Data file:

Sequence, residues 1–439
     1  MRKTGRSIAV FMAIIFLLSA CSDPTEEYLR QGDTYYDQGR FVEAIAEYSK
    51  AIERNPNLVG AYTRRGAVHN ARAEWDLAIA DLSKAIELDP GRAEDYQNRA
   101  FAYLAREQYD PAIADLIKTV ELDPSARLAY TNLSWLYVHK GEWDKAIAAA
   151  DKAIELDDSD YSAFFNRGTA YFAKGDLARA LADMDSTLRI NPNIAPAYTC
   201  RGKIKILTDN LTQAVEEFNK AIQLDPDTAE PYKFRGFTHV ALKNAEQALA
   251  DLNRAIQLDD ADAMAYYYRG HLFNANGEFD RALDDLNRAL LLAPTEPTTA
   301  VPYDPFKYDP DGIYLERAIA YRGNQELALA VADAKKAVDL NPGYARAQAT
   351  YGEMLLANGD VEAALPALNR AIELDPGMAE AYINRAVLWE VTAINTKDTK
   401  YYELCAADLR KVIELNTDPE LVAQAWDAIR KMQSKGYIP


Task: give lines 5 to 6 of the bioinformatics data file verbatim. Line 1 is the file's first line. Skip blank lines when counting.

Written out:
   151  DKAIELDDSD YSAFFNRGTA YFAKGDLARA LADMDSTLRI NPNIAPAYTC
   201  RGKIKILTDN LTQAVEEFNK AIQLDPDTAE PYKFRGFTHV ALKNAEQALA